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Reinventing Prosperity

Managing Economic Growth to Reduce Unemployment, Inequality and Climate Change

Regular price $32.95
Details
  • ISBN: 9781771642514
  • Tags: Current Affairs & Politics, David Suzuki, Graeme Maxton, Jorgen Randers, Nature & Environment,
  • Dimensions: 6 x 9
  • Published On: 16/09/2016
  • 240 Pages
  • ISBN: 9781771642521
  • Tags: Current Affairs & Politics, David Suzuki, Graeme Maxton, Jorgen Randers, Nature & Environment,
Description

A persuasive economic argument that proves we can all live better lives in this finite world.

In Reinventing Prosperity, Graeme Maxton and Jorgen Randers offer a new approach with thirteen recommendations that should be possible to implement around the world. This book addresses the forty-year-old growth/no-growth debate by explaining how it is possible to reduce unemployment, poverty, inequality, and the pace of climate change and still have economic growth—if we want.

Graeme Maxton is the Secretary General of the Club of Rome and a former regional director of the Economist Intelligence Unit in Asia. He is the author of The End of Progress–How Modern Economics Has Failed Us, which was nominated for the Financial Times and Goldman Sachs Business Book of the Year Award.

Jorgen Randers is a professor of climate strategy at the Norwegian Business School, where he was president from 1981 until 1989. He is also a former Deputy Director General of WWF International and a co-author of the bestselling Limits to Growth.

Reviews

“A fascinating, data-rich look at some of the most fundamental questions our species has ever faced—and a striking argument for maturity over endless growth.”
Bill McKibben, author of Deep Economy

“The problems society faces to achieve a sustainable and desirable future are well known, but solutions seem impossible. Maxton and Randers describe thirteen politically feasible proposals that can actually solve these problems. A must-read for anyone who wants to create a better world.”
Prof. Robert Costanza, VC’s chair in public policy, Crawford School of Public Policy, Australian National University

“This book has the power to induce policy changes that are imperative for the creation of an equitable, peaceful, and sustainable future for human society.”
Rajendra K. Pachauri, past-chair, Intergovernmental Panel on Climate Change (IPCC); executive vice chairman, The Energy and Resources Institute (TERI)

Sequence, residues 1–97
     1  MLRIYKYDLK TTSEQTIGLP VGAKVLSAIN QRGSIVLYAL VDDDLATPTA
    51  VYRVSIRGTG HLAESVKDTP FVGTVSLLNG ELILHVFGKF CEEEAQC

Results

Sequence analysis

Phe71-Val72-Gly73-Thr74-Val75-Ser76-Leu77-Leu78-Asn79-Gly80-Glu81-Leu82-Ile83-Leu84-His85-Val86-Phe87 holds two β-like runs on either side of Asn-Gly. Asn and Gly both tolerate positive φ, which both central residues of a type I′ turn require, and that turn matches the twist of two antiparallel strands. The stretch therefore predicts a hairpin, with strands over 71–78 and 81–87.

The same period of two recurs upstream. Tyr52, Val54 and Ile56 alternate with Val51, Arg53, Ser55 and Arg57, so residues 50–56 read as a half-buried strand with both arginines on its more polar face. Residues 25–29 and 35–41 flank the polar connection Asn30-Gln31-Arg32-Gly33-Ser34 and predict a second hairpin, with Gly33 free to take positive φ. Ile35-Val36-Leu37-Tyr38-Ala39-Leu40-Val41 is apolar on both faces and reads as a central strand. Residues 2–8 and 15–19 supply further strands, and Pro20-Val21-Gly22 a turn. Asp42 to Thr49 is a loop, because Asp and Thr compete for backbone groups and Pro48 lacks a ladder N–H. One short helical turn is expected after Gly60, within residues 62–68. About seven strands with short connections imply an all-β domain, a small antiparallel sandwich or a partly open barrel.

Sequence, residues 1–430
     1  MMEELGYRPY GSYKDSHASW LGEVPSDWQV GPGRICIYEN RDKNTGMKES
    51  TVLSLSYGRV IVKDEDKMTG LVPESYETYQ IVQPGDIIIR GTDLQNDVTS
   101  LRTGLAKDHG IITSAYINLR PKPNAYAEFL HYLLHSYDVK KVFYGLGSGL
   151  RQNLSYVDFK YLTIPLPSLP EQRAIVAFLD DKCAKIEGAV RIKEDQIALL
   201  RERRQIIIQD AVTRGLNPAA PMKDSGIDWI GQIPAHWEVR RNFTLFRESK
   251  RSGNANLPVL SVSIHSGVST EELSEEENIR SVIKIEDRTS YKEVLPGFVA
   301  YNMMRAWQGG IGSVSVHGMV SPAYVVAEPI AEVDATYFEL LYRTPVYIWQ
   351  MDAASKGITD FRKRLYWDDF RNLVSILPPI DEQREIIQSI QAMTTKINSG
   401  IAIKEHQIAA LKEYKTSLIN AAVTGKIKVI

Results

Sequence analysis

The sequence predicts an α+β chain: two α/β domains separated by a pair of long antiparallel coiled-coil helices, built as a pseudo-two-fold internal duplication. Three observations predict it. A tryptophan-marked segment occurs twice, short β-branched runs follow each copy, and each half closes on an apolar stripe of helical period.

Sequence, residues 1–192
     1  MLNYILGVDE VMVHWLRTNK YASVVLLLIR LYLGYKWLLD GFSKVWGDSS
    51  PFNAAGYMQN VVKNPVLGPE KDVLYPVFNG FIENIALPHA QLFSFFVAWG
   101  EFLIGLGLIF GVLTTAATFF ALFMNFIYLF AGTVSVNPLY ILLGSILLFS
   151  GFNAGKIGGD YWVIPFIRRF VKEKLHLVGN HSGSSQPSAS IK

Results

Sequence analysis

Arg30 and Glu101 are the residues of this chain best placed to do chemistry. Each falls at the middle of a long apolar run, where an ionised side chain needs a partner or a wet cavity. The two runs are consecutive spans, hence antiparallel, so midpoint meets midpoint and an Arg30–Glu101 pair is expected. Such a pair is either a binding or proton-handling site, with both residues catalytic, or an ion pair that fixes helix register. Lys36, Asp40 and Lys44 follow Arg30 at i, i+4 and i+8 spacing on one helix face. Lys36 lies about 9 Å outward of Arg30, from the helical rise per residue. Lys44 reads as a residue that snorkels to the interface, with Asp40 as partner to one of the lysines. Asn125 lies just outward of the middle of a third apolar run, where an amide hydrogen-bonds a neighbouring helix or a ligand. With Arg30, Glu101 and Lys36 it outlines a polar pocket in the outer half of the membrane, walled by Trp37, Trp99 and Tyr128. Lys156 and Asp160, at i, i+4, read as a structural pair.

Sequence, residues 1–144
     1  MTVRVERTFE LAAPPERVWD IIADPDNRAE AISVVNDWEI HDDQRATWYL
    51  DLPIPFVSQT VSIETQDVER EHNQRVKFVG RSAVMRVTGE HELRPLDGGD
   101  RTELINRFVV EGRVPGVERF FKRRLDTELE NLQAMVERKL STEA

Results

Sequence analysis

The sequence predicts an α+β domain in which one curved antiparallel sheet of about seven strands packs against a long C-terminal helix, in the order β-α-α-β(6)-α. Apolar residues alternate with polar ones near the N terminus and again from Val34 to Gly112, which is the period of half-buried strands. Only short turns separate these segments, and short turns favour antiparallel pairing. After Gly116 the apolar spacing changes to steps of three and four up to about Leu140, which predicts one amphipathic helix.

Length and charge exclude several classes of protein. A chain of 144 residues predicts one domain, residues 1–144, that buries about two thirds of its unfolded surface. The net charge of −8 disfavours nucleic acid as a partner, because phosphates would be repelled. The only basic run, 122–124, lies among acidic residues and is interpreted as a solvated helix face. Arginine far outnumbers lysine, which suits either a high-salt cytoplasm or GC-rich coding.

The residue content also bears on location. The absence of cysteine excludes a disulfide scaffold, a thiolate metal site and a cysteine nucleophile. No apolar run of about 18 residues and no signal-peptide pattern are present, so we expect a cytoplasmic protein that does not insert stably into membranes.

“Maxton and Randers make thirteen feasible proposals that, if implemented, would transform the future of humanity. This book is not just a ‘must read’; its solutions are a ‘must do’!”
Stewart Wallis, executive director, New Economics Foundation 2003–15

Excerpt

From the Preface

There are many things to be concerned about in the world, from persistently high levels of unemployment and widening inequality to continued resource depletion, rising pollution, increasing biodiversity losses, and widespread poverty.

The biggest problem, however, is the gradual change humanity is causing to the climate. If nothing is done to stop global warming, progress in almost all areas of human endeavor will gradually slow over the next fifty years because of more frequent, and more scary, climatic events—and worse will follow.

Unfortunately, almost nothing is currently being done to address this problem.

People do not respond because they do not dare to challenge the existing economic system, because they believe that the steps needed to cut greenhouse gas emissions will reduce economic growth. They think that lower economic growth will increase joblessness in the rich world and condemn much of the poor world to decades of poverty, which in turn will increase inequality—a big enough problem already. So, rather than making the transition to a cleaner, more sustainable world, people focus on boosting economic growth because they believe this will increase the number of jobs and improve living standards, even though inequalities have been widening and the climate problem is worsening. Once there are more jobs and people are better off, they seem to be saying, society can take the steps needed to fix the climate problem.

If we could show that it is possible to overcome this hurdle, we reasoned, if we could break the perceived link between economic growth, jobs, and equality, we might change this. If we could show that it is possible to create jobs, boost average living standards, and reduce inequality—even without any economic growth at all—we could overcome the major barrier that stops people from acting.

That is what this book is about. It is about how to cut unemployment and narrow the gap between rich and poor in the developed world while slowing the pace of climate change. It is about how to make sure that everyone has enough paid work, or enough income, to live comfortably. It is about how to make the transition to a cleaner, greener world without making people worse off in the process.

Many of our recommendations are unconventional, and some will certainly be controversial. Because they frequently run against the current political and economic tide, the knee-jerk reaction may be to reject them. They often require a little time for reflection before people can see that they really do describe a better path forward, a viable way to increase average living standards everywhere.